I ventured into Lakeside today, the large shopping mall in South Essex which seems to be staffed entirely from unhelpful girls with appalling gutteral accents who would rather chat to their friends than serve customers. But that’s another story I’ll not bore you with right now.
As I walked along the busy mall, passing fairly close to the front windows of brightly-lit shops advertising their hugely-discounted sale items, other shoppers whizzed past me, overtook me, jostled and hussled for space and momentum, and were gone; off beyond my field of vision, going about their business, but quickly replaced by a hundred others all doing the same sort of thing.
As I walked along, something caught my eye. A tall brunette-come-redhead, heading towards me, eyes low, hugging the shop-fronts as she made her way along. She was clutching her bag with one arm, and I noticed that her outdoor jacket was dark and largely shapeless, part-covering a knee-length brown skirt and 4-inch plain black heels.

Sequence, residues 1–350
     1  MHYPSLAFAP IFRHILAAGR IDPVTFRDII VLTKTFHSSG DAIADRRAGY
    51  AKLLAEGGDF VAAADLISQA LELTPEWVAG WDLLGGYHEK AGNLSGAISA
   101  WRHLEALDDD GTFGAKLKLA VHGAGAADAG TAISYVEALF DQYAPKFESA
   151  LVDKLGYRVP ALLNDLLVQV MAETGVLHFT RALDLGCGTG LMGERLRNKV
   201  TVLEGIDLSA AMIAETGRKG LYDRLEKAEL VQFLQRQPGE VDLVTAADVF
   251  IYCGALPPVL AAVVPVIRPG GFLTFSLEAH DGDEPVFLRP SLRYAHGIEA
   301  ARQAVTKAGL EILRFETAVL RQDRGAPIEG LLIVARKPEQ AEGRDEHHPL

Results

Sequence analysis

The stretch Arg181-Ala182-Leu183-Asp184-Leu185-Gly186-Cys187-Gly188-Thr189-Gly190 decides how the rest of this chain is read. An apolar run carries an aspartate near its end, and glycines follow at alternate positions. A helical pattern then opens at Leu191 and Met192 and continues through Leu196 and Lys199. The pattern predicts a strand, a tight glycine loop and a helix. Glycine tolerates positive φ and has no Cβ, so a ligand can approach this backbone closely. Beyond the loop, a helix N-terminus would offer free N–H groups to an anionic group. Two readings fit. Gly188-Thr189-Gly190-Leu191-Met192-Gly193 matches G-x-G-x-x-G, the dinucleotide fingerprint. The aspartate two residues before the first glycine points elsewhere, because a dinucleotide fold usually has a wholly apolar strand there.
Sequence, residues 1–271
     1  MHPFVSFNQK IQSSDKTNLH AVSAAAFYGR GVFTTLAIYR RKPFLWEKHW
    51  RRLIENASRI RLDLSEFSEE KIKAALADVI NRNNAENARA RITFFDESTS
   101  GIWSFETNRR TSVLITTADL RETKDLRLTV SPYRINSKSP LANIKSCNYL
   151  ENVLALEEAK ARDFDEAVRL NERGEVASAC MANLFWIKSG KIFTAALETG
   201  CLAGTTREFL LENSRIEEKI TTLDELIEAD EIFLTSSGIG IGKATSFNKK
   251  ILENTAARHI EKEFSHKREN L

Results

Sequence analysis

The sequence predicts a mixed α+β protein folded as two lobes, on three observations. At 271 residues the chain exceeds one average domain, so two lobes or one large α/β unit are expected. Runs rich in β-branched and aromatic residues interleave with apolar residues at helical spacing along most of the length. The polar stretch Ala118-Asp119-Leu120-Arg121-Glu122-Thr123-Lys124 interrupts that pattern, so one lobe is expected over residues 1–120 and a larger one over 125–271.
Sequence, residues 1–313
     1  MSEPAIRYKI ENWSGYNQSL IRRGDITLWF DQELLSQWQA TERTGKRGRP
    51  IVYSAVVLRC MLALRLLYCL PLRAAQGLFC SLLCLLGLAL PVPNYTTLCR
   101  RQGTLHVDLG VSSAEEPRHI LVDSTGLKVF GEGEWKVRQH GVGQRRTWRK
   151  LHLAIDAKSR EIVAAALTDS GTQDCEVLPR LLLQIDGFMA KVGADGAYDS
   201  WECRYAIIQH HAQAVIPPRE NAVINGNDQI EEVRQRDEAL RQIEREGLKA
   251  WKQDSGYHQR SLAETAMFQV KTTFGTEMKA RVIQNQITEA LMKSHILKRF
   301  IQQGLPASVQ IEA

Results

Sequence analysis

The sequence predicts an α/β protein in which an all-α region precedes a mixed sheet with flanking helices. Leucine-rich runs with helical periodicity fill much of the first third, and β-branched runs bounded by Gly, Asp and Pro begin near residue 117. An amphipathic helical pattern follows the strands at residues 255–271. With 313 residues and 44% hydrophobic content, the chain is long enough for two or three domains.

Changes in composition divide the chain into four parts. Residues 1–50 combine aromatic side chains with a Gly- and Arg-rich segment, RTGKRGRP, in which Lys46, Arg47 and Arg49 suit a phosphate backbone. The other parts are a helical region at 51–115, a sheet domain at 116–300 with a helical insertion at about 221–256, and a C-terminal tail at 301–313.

There was something about the hair. I looked back at its odd colour, and realised how thick and lank it looked, catching the bright halogen lights but reflecting rather flatly. There was no natural shine to that hair, and not a lot of shape to it at all. The words ‘badly cut’ sprang to mind, but that wasn’t it. Why was I fascinated by it? What was wrong?
As we got nearer to one another, she came into focus, and I tried to make out her features. Her face was turned down, the gaze of the self-conscious, the unsure. I couldn’t see her face properly, but it was made-up, pale under a heavy fringe with striking eyes, and a hint of blue-grey around the mouth. Odd.
After a few seconds, I had regarded her gait and stride sufficiently to realise what had been so wrong. This was not the leggy, meander of a woman enjoying her feminine heels, nor was it the tottering, unstable stagger of the inexperienced lady trying to walk in heels a little bit too high for her.
No. Her steps were wide apart; long and heavy, but perfectly balanced despite the high heels. I watched her lope past me, then stopped and turned around to see her enter a shoe-shop. Her hair didn’t move at all as the breeze from the shop’s door-heater blasted as she went in. No, the hair didn’t move as it should, and neither did she.